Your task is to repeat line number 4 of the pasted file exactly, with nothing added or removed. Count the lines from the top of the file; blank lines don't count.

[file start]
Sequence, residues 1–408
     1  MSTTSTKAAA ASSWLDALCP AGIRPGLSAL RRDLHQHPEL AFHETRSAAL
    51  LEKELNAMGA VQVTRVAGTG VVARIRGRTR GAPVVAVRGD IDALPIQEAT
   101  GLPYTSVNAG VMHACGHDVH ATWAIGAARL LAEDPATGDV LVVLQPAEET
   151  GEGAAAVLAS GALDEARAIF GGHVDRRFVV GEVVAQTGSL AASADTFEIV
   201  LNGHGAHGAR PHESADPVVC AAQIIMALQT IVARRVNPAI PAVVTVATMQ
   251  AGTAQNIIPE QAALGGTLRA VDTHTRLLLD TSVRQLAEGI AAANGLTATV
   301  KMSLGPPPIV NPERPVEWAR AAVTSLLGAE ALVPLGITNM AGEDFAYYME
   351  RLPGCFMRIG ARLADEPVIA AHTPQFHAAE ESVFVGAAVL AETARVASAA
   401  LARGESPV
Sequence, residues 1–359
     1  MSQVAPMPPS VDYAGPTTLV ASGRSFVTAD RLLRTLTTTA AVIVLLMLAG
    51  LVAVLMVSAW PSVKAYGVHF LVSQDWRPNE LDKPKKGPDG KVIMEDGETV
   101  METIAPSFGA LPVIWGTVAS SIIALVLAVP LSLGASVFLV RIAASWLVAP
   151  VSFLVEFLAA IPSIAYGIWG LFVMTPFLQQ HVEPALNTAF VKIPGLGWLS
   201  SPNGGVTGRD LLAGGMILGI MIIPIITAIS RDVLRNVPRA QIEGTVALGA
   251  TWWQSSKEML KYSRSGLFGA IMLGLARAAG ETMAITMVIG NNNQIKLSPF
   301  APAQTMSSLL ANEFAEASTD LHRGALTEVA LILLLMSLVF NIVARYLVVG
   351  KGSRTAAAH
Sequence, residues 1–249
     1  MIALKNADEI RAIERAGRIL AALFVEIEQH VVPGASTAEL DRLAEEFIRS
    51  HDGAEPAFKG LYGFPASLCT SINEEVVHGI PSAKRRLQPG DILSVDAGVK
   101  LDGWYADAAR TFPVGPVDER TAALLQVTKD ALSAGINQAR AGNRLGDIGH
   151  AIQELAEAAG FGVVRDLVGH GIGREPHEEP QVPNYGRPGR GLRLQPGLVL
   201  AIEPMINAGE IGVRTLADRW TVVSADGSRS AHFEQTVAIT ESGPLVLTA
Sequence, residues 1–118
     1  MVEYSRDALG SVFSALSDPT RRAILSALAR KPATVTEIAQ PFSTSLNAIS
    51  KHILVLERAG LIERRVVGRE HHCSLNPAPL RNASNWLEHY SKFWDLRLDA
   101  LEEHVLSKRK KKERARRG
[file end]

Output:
   101  GLPYTSVNAG VMHACGHDVH ATWAIGAARL LAEDPATGDV LVVLQPAEET